Sunday, June 14, 2009

Fair Tax: The New Republican Weapon to Defeat the Dems?

The FairTax BookImage via Wikipedia

Let me begin by saying that I don't talk about economics much. I find the subject very dry and very boring. I learn what I have to to stay afloat. Aside from that, forget it.

The Fair Tax subject doesn't scare me. It's simple and easy to understand. That fits in perfectly for a busy mom with three kids and a house to run.

Over at, Matt Towery has written a piece about how the Republicans could use this subject to beat the Dems. Tax reform was the one issue that made Ronald Reagan so wildly popular, and, done right, the ideals of Reagan could once again rear their heads. Towery has made some wonderful points concerning how the GOP could sell the Fair Tax to moderates.

The Fair Tax would eliminate the need for those headache-causing forms we fill out every year. How convenient would that be! Half an hour (tops), and you're done. All it takes is figuring what percentage of your income (depending on what the rate would be set at) you need to pay. That's it.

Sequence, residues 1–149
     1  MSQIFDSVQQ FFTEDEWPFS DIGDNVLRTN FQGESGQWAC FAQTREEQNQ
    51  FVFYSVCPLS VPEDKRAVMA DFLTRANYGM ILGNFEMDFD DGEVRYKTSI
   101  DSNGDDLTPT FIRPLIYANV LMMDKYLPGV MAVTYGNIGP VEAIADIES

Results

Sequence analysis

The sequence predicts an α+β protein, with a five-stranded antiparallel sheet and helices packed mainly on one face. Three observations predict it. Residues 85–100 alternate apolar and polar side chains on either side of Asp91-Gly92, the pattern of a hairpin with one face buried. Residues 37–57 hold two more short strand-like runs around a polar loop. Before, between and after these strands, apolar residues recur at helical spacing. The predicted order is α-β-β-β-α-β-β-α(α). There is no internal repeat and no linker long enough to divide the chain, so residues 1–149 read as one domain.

I also feel it would eliminate the God-awful Earned Income Credit (EIC). This tax credit is designed to act as a sort of welfare for those whose income isn't very high. I know of people who have taken the EIC, and it makes me sick when they say that they got back almost double what they paid for taxes. If they got back everything they paid in, great. But why should they get back more than that?

The need for companies to hide their money would disappear. As the present system stands today, I would venture a guess to say that after tax deductions, credits, and loopholes, companies today pay a lower percentage of taxes than the average American. The percentage RATE a major corporation would pay would be the same as the middle class, but the AMOUNT of their contribution into the system would be much greater. If a corporation could keep more of its money, they would invest in and expand their business. Everyone wins.

Towery says if the Fair Tax was to be marketed as "Elimination of the U.S. Tax Return Act of 2012", people would probably be more willing to support it. Americans love comfort and convenience.

The Fair Tax is long overdue.
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